Members of the Palestinian civil defence force wear protective masks before spraying disinfectant in the port area of Gaza City on March 24, 2020 to contain the novel coronavirus outbreak. Image Credit: AFP

In her work of critical theory, Illness as Metaphor (1978), Susan Sontag, the American essayist and philosopher, challenged the victim-blaming language often used to describe diseases such as cancer and AIDS, along with those who suffered from them, as if the victim of an offence could be held at fault for the harm that befalls them.

People like United States President Donald Trump, who has a penchant for ad hominem attacks, such as labelling COVID-19 “the Chinese virus”, would do well to read that work, for it is clear by now that the virus transcends nations, cultures and geographical locales. We all, all together around the world, face the challenges of the pandemic in equal measure, simply because its reach extends to the outer rim of the entirety our global village.

In the US and other affluent western countries, you are told that if you want to stay safe, stay at home. Comprehend the epic scale of the pandemic. Every nanosecond outside, touching surfaces, shaking hands, hugging friends, presents a danger of infection. Have your fun virtually, say, by joining that communal Twitter reading (hosted by a literary journal) of 12 pages per day of Tolstoy’s War and Peace. Telework, shelter in-place and self-isolate, all the while practising “social distancing”, a clumsy term that as recently as late February no one had ever heard of.

There is no evidence that the Arab League is coordinating a pan-Arab effort to confront the challenges that the region will soon be inevitably confronting.


All well and good, I say, in terms of people in the US and other western countries, who can hunker down, even for the long haul, in their baronial living spaces and suburban heartlands — and wait out the virus.

People in poor countries in the developing world, however, with few resources and infrastructure at their disposal to combat the virus, cannot afford the luxury — in the two senses of the word — of social distancing because they live in overcrowded neighbourhoods, in densely populated cities, that are ill-prepared to efficiently combat the spread of the virus.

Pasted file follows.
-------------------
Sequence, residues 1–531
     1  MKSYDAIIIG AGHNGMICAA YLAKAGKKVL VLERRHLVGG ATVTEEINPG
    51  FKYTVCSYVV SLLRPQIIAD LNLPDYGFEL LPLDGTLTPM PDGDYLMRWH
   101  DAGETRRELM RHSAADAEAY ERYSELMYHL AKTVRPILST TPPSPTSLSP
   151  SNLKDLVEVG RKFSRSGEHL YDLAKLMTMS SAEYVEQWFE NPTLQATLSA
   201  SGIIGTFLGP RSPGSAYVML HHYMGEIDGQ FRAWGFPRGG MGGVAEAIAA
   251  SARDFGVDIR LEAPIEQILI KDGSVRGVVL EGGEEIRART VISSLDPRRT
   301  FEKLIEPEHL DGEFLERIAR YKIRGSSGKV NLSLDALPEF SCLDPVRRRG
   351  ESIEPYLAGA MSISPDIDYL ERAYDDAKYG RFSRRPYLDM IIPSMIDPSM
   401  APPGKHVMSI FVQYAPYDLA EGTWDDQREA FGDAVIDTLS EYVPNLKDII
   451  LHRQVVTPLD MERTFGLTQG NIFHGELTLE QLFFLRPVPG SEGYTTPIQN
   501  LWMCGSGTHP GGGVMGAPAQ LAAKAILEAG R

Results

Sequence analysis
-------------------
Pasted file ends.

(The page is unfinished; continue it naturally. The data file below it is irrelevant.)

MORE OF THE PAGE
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Now consider, more importantly, the wretched millions in the Arab World who had been displaced by conflict in recent years. There will be carnage when — not if — the virus reaches parts of war-torn Syria, where nearly 4 million refugees are crammed into a sliver of territory along the Turkish-Syrian border; parts of Libya, where there are nearly 900,000 Libyans displaced by fighting among warring militias, sheltering in schools and other temporary locales; parts of Yemen, where close to 2 million people, displaced by civil war, live in overcrowded, makeshift camps; parts of Iraq, where 1.5 million civilians displaced by the battles against Daesh, are packed across camps or cramped in apartment blocks; and in the occupied Palestinian territories, where Palestinian refugees, especially in Gaza, inhabit densely populated camps, living two families or more to an apartment.

In a news report in the Washington Post last Saturday, filed by Louis Lovelock, we read: “For residents and health officials alike, the prospect of a Covid-19 outbreak within one of the dozens of refugee camps, migrant centres and displacement cites across the Middle East is a nightmare within a nightmare. Agencies are bracing for the rapid spread of the disease through tightly packed camps where feeble health systems, poor sanitation, warfare and political restraints could make it nearly impossible to contain”.

Objective reality

Yet, there is no evidence that the Arab League (a union of Arab states that celebrated its 75th anniversary last Monday) is coordinating a pan-Arab effort to confront the challenges that the region will soon be inevitably confronting.

Meanwhile, consider how our objective reality, worldwide, has already crossed a surrealistic line from life before the advent of the pandemic to life after it, where the destruction of human life now appears to us, in its catch-as-catch-can randomness, to be either a mere instant in the rational design of God’s purpose or the wanton, mysterious choice of destiny.

As this virus strides forward — with 335,000 so far infected worldwide — and still counting — the leitmotif of death grows insistent in our human narrative. COVID-19, a juggernaut that reportedly measures between a mere 60 and 140 billionths of a metre across, has turned the world upside down.

Imagine, it is with a Lilliputian monster that we are now at war. Unto the breach, dear friends.

— Fawaz Turki is a writer and lecturer who lives in Washington and the author of several books, including the Disinherited: Journal of a Palestinian Exile.